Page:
Manny Pacquiao, the former champion boxer and current Philippine senator, has gone all 2017 on us and launched his own cryptocurrency. In a move reminiscent of the crypto boom when unscrupulous project leaders attached celebrities to their ICO (often without revealing important details about the endorsement, like the fact they’d been paid), Pacquiao announced on Sunday that a token named after himself is to launch via the GCOX Group, an Asian company that has developed a model for celebrity tokens. There is the faintest glimmer of hope however that this might not be an automatic scam, as GCOX apparently has other celebrities earmarked for tokens down the line should the Pacquiao project be a success.
— Manny Pacquiao (@MannyPacquiao) September 2, 2019
Tokens Backed by Popularity
The Pac coin isn’t a straightforward currency as this would have limited use, but is instead a type of fan marketplace, giving supporters a chance to buy merchandise and interact with Pacquiao. The value of the Pac will be backed by demand from his sizable fan base, which will provide an interesting way of grading the popularity of celebrities further down the line, should the venture prove successful. GCOX claims that their celebrity token model “revolutionizes the way celebrities interact with their fans, giving the public unparalleled access to celebrities”, which, whatever you think of celebrity culture, is a potential multi-million-dollar business. Former English soccer star Michael Owen and Jason Derulo are believed to be in line for their own tokens later this year.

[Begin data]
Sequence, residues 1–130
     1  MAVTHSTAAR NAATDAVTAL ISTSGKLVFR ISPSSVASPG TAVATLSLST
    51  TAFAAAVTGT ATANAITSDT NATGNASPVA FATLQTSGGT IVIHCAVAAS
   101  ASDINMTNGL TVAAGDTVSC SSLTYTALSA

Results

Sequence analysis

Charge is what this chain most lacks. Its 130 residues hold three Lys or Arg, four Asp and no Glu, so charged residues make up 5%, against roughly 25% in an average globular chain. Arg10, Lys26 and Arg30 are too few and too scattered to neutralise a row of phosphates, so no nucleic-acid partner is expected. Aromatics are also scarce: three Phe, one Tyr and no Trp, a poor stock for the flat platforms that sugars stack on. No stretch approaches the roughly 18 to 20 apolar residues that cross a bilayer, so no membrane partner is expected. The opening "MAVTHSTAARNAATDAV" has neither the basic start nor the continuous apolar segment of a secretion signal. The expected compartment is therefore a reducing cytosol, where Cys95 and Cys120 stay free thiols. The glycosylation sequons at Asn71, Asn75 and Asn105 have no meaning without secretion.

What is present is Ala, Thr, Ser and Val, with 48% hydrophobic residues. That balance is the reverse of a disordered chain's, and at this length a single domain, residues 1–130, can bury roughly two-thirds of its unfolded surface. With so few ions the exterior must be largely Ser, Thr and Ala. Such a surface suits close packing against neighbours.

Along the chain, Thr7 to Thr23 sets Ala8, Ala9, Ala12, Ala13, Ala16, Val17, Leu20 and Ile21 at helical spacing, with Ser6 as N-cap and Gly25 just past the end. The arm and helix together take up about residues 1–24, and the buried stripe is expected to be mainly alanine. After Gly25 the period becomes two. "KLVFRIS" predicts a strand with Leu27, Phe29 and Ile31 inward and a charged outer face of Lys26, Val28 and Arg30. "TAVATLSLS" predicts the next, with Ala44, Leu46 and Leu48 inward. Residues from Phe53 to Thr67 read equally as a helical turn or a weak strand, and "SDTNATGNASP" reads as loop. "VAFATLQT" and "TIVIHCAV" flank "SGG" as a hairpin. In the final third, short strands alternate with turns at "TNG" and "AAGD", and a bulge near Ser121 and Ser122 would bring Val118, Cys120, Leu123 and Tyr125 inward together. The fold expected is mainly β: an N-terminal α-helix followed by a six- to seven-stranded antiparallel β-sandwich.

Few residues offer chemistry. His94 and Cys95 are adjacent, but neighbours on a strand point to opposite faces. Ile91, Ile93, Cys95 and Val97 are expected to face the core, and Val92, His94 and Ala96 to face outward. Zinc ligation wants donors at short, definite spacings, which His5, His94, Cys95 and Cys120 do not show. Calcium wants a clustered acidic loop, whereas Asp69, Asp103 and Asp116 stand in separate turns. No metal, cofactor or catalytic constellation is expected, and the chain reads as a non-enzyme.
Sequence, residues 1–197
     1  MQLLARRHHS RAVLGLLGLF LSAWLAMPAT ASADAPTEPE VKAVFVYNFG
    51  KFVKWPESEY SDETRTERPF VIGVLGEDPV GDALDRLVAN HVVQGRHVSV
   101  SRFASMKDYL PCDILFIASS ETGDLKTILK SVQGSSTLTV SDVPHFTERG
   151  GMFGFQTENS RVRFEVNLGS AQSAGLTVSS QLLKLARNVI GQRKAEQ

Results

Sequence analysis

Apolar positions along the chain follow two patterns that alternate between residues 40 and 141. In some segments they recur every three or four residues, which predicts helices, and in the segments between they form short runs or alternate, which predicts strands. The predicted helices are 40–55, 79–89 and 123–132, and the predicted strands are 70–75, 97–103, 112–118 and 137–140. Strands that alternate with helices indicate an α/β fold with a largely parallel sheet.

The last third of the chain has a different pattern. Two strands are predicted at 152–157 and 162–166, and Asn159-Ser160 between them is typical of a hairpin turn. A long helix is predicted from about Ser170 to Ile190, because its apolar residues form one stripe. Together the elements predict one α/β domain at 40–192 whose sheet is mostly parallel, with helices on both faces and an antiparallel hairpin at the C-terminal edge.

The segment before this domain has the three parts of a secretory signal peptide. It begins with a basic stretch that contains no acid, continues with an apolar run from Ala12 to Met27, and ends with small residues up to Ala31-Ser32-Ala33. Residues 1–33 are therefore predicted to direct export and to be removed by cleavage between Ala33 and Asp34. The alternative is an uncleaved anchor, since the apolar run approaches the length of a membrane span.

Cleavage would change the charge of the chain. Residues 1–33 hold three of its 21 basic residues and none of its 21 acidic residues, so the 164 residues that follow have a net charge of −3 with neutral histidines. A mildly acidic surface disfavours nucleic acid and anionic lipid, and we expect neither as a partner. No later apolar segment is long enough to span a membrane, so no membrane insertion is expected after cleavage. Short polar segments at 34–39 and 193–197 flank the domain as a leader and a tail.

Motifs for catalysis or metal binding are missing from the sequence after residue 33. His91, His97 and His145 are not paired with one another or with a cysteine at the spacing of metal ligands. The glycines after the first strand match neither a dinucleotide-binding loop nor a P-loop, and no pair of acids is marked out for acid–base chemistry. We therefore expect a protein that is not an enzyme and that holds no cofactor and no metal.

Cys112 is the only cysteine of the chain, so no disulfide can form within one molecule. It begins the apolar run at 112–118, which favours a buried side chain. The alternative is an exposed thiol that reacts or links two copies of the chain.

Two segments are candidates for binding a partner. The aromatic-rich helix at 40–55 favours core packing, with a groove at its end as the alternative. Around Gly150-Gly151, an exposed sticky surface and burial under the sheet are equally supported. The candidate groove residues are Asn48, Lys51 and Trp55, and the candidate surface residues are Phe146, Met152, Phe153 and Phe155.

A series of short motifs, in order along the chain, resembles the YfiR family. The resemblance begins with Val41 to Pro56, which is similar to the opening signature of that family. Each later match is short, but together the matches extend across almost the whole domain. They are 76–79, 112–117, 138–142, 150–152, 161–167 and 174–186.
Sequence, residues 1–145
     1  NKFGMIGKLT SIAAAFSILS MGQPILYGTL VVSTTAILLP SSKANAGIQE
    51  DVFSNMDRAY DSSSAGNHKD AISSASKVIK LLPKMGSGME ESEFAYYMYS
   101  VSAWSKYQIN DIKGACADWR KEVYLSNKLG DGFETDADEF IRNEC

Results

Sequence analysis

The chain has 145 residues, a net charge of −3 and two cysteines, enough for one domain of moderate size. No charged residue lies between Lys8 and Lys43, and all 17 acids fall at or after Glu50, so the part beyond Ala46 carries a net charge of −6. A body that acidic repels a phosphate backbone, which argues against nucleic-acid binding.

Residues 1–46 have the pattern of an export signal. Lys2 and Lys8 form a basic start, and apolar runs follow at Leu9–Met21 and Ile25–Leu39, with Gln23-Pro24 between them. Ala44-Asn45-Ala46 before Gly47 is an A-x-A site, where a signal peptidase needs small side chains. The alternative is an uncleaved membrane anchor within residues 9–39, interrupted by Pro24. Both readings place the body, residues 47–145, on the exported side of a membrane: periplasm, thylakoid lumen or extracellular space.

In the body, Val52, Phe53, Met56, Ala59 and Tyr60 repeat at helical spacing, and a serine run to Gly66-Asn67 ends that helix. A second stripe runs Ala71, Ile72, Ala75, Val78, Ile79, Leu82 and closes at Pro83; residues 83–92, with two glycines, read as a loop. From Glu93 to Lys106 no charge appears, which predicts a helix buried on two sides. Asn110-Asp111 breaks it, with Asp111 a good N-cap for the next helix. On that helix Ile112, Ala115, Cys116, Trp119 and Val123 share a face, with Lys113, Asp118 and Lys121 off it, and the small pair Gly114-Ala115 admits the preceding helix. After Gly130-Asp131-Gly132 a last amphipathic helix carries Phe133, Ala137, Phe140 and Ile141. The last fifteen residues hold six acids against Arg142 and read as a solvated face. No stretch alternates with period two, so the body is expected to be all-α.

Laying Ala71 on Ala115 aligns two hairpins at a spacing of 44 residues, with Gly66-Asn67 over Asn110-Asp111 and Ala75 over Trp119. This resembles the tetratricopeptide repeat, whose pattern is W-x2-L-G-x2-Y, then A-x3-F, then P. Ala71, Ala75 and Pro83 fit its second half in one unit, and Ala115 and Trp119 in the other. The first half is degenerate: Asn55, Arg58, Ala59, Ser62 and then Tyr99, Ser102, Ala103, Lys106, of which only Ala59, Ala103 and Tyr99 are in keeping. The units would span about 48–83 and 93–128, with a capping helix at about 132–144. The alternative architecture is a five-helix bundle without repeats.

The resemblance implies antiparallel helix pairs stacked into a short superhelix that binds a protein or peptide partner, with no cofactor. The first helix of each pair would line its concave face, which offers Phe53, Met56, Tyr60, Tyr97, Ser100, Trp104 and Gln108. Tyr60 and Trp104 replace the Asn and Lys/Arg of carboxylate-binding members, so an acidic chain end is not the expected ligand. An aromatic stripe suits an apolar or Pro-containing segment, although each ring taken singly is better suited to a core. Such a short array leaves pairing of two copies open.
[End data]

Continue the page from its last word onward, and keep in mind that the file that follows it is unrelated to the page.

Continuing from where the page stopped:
Blockchain’s Killer App?
The relationship between celebrity and cryptocurrencies has been by and large disastrous, with the likes of Steven Seagal, Floyd Mayweather, DJ Khaled, and cricketer Michael Clarke all receiving criticism, and in some cases fines, for associating themselves with crypto projects, but the GCOX offering is different because the celebrity is at the heart of the offering – much like a talent agency, the focus isn’t on one particular celebrity but collecting a stable of them and monetizing their fame. If GCOX can find a compelling enough case for people to use the cryptocurrency to interact with the target of their adoration then the sky really is the limit. If so, there really is no reason why celebrity cryptocurrencies won’t be listed alongside calendars, fragrances, and fitness DVDs as a virtual Christmas stocking filler. Could this be the killer app the crypto world has been waiting for? You wouldn’t bet against it.